The CFPB, federal banking agencies, and state regulators are returning to pre-pandemic norms with respect to enforcement and supervision of the mortgage servicing industry. On November 10, 2021, the Board of Governors of the Federal Reserve, the Consumer Financial Protection Bureau, the Federal Deposit Insurance Corporation, the National Credit Union Administration, the Office of the Comptroller of the Currency, and state financial regulators issued a joint statement (Joint Statement) alerting mortgage servicers that the agencies are revoking the “temporary supervisory and enforcement flexibility” announced in April 2020 in response to the COVID-19 pandemic. In April 2020, the agencies had advised that they would not take supervisory or enforcement action against mortgage servicers for failing to meet certain timing requirements under the mortgage servicing rules provided that servicers made a good faith effort to furnish required notices and disclosures and took actions within a reasonable time period.
In last week’s Joint Statement, the agencies announced that the temporary flexibility announced over 18 months ago “no longer applies.” The agencies “will apply their respective supervisory and enforcement authorities, where appropriate, to address any noncompliance or violations of the Regulation X mortgage servicing rules that occur after [November 10, 2021].” According to the Joint Statement, the flexible standards are “no longer necessary” because servicers have had sufficient time to adjust their operations during the pandemic and have worked with consumers affected by COVID-19.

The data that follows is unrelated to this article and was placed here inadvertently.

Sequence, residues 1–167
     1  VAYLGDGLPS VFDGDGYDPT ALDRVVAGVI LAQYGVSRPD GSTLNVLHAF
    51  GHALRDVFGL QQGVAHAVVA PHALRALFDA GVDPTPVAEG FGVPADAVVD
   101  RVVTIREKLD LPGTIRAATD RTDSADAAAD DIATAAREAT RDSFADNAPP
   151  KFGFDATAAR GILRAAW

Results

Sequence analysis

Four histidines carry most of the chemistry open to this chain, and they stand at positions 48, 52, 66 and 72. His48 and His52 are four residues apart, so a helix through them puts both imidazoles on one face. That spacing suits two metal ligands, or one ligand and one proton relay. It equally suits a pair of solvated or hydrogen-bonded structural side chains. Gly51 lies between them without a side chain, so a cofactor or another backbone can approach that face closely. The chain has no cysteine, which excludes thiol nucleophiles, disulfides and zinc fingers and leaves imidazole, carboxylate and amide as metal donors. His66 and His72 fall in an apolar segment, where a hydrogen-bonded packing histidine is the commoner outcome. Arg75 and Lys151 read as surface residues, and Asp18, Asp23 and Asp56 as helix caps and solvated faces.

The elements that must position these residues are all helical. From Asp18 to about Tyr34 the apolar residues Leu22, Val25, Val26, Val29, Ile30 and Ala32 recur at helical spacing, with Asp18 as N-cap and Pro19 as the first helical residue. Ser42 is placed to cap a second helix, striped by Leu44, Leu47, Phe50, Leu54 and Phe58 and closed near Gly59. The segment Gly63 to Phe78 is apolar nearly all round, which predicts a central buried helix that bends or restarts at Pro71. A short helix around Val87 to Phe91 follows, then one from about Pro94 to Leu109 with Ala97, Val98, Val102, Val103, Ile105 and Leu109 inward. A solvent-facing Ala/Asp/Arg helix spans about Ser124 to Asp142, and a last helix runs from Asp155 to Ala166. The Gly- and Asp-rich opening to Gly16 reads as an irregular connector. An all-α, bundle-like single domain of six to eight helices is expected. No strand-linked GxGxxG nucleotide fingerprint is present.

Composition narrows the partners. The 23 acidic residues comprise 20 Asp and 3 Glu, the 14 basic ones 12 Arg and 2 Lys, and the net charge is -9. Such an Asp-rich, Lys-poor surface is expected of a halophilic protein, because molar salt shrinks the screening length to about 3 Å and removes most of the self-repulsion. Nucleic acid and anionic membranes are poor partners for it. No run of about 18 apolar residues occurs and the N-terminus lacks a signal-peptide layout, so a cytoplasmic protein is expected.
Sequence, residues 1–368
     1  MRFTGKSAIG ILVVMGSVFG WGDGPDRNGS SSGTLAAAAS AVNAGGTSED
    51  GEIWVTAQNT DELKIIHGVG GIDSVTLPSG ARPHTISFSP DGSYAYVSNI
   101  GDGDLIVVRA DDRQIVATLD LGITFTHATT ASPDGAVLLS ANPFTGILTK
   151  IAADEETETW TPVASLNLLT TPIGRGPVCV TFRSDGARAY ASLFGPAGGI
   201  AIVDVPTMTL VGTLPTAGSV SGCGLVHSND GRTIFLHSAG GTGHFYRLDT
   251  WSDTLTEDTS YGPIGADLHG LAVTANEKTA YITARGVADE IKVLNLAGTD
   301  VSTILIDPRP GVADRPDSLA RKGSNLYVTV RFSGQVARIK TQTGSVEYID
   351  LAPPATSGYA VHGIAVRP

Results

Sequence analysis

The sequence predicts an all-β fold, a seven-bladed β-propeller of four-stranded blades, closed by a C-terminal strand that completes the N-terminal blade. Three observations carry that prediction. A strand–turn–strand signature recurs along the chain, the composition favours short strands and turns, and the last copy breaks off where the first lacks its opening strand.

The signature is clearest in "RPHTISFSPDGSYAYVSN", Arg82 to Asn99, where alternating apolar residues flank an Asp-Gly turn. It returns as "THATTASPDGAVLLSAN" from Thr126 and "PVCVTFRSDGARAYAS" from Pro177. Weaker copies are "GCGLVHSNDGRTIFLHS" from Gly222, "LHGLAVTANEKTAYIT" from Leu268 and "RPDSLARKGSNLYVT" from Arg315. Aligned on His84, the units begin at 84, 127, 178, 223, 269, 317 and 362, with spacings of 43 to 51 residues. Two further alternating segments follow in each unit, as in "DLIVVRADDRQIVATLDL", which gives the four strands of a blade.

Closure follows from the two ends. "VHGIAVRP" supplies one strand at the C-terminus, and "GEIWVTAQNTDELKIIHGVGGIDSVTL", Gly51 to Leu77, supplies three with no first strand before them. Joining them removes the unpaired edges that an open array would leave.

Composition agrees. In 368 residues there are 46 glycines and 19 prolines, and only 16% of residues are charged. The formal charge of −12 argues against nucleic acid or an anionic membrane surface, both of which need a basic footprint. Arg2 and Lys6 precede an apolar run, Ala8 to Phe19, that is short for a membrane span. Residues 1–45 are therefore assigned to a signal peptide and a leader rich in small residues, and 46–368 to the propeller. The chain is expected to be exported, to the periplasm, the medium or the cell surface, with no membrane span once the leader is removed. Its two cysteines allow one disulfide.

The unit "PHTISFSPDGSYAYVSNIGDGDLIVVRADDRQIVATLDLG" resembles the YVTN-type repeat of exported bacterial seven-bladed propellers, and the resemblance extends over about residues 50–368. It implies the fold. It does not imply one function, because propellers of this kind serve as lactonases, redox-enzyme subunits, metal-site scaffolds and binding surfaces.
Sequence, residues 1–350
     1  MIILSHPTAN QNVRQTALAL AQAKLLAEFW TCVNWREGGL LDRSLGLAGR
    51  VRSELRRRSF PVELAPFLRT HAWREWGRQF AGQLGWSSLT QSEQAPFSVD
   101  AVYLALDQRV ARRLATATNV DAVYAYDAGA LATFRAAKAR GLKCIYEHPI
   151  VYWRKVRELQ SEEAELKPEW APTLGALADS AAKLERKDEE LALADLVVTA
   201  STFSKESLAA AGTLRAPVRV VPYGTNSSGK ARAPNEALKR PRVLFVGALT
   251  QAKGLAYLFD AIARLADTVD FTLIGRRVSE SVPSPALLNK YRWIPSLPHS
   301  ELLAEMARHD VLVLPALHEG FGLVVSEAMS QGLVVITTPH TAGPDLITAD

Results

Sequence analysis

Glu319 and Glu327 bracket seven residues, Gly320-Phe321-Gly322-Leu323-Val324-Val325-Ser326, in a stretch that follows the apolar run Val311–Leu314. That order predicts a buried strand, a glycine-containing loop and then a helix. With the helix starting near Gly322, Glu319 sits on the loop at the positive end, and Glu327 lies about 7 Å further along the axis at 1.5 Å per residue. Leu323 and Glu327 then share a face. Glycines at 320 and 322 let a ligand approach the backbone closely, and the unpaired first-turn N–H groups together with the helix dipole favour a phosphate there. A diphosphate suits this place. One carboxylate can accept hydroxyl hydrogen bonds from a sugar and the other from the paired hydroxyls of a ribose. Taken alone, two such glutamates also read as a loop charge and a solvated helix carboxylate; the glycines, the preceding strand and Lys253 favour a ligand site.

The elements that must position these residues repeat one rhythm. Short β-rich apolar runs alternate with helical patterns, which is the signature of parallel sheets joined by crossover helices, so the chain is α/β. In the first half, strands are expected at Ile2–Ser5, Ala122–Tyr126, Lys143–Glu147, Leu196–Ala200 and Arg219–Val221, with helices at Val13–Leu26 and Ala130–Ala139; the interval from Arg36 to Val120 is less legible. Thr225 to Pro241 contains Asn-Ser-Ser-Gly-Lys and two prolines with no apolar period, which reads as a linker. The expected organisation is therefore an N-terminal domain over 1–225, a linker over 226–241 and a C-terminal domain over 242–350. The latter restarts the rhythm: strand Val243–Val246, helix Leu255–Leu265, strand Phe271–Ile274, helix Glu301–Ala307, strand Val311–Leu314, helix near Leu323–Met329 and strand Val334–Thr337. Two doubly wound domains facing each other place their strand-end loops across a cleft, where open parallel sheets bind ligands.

Notably, the Joint Statement states that the new approach also relates to servicer violations of the Protections for Borrowers Affected by the COVID-19 Emergency Under the Real Estate Settlement Procedures Act (RESPA), Regulation X (86 FR 34848), which became effective on August 31, 2021.
The Joint Statement acknowledged ongoing challenges faced by mortgage servicers and their efforts to assist consumers who are impacted by the ongoing COVID-19 pandemic. The agencies noted that they will “consider, when appropriate, the specific impact of servicers’ challenges that arise due to the COVID-19 pandemic and take those issues in account when considering any supervisory and enforcement actions.” Consideration, however, is not a promise of any leniency, and servicers should take note to ensure compliance with mortgage servicing rules in response to this announcement.
The CFPB also issued a report on Mortgage Servicing Efforts in Response to the Covid-19 Pandemic, which describes how the CFPB has responded to the “evolving needs of homeowners and CFPB supervised entities” since the onset of the pandemic, including by engaging in public outreach and performing targeted reviews of mortgage servicing complaints. The CFPB intends to continue targeted data collection and evaluation efforts to assess how individual servicers performed for consumers exiting forbearance.
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